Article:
Clark's Nutcracker: Medium, noisy and inquisitive jay with pale gray head and body. Black bill is long and stout. Wings are black with white patches and tail is black with white edges. Feeds on nuts, insects, eggs and young of other birds, lizards, carrion and small mammals. Steady deep wing beats.
Range and Habitat
Clark's Nutcracker: Resident in southern British Columbia and Alberta south California and Colorado; prefers stands of junipers and ponderosa pines on high mountain ranges near the tree line.
The Clark’s Nutcracker has a special pouch under its tongue in which it carries pine seeds long distances to cache them. Depending upon the species of pine seed, this pouch will hold from 28 and 90 seeds.
This bird was first observed in 1805 by William Clark (Lewis and Clark expedition) and bears his name.
Unusual among members of the crow family, males of this species help the females incubate the eggs. In fact the males have brood pouches just like the females. Nestlings are fed pine seeds from the parents’ caches. This allows the adults to breed as early as January or February despite the harsh winter weather in their range.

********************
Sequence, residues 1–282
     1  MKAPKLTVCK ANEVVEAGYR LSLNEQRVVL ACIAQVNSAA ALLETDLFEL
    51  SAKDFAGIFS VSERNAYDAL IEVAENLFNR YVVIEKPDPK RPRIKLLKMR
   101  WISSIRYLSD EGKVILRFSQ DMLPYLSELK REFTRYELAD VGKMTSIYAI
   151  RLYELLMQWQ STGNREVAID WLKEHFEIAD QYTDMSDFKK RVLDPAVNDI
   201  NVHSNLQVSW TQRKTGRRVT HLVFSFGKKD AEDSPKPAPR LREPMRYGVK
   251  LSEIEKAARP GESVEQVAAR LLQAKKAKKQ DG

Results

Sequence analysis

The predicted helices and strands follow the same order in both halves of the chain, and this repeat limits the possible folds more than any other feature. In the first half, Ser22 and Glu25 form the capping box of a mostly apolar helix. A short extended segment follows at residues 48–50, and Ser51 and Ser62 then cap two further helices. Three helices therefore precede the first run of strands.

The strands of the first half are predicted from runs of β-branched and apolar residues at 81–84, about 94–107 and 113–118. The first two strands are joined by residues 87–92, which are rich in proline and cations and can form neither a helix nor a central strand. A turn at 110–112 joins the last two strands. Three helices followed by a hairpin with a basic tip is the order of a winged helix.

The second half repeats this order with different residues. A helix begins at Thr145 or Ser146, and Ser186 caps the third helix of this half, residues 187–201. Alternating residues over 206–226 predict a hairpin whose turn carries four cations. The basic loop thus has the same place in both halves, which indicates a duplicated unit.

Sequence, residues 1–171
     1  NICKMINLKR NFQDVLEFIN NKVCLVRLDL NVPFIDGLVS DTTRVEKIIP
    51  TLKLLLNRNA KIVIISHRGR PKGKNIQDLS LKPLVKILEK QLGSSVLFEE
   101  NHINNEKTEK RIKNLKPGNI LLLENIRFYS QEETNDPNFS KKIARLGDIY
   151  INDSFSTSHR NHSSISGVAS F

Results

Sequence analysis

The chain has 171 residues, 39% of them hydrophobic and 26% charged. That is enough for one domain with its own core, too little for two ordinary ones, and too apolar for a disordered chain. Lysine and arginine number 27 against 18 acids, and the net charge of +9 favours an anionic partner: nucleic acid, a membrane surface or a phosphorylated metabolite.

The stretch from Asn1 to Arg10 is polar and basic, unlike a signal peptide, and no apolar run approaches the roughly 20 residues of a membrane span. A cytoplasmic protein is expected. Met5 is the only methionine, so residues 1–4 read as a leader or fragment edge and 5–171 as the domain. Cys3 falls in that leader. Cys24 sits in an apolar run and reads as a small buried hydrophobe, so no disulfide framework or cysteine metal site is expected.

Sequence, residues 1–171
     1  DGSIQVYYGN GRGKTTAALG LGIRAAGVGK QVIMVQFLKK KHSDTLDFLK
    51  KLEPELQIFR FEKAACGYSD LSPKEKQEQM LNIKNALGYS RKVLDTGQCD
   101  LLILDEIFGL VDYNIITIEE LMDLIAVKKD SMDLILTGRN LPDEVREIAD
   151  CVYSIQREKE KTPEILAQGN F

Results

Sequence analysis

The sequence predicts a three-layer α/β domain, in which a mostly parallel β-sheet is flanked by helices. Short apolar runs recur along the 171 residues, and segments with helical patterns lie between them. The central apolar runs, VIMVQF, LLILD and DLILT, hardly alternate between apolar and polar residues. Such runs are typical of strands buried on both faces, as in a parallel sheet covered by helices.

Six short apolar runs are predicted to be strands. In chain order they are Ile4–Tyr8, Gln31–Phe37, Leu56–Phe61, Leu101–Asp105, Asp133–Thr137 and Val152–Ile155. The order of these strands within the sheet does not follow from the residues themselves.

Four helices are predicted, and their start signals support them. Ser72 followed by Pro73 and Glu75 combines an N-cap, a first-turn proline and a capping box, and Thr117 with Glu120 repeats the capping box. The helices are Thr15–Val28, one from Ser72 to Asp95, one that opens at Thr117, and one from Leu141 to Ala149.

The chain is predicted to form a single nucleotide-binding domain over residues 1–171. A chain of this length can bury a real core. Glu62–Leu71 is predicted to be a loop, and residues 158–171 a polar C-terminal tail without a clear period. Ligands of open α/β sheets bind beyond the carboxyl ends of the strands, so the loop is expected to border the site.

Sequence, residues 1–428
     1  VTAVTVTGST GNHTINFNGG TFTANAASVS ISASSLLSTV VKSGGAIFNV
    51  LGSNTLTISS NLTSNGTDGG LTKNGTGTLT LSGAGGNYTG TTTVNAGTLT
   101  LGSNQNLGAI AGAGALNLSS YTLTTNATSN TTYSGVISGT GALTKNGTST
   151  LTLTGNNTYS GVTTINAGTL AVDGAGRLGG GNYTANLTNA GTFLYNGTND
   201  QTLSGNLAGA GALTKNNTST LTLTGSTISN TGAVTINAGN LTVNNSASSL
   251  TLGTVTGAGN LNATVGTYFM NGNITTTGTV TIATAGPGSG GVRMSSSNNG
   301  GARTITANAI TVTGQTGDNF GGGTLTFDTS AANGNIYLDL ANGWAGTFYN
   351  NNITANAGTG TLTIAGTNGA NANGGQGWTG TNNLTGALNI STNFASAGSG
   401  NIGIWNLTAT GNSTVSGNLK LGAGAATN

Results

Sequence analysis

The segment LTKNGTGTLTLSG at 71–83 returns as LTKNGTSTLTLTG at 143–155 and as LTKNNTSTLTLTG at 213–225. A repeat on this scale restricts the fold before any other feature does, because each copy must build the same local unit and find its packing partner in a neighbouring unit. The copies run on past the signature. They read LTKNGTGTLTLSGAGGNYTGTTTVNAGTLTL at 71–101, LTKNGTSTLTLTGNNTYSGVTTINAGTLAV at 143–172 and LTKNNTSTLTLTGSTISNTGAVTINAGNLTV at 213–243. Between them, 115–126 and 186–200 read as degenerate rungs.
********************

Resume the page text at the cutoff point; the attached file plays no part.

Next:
A group of nutcrackers has many collective nouns, including a "ballet", "booby", "jar", and "suite" of nutcrackers.
The Common Black-Hawk is a bird of prey, and is related to eagles, hawks and vultures. Breeding grounds of the species are located throughout the Americas, including the southwestern United States, Central America, Venezuela, Peru, Trinidad and the Lesser Antilles. The Common Black-Hawk is a coastal bird and typically a resident all year long, though some migratory populations exist. These populations fly south to northwestern Mexico and Arizona in the winter months. They prefer to breed and nest in mangrove swamps with adjacent dry, open woodlands. Their diet consists of crab, eggs and small vertebrates. The current conservation rating of the Common Black-Hawk is Least Concern.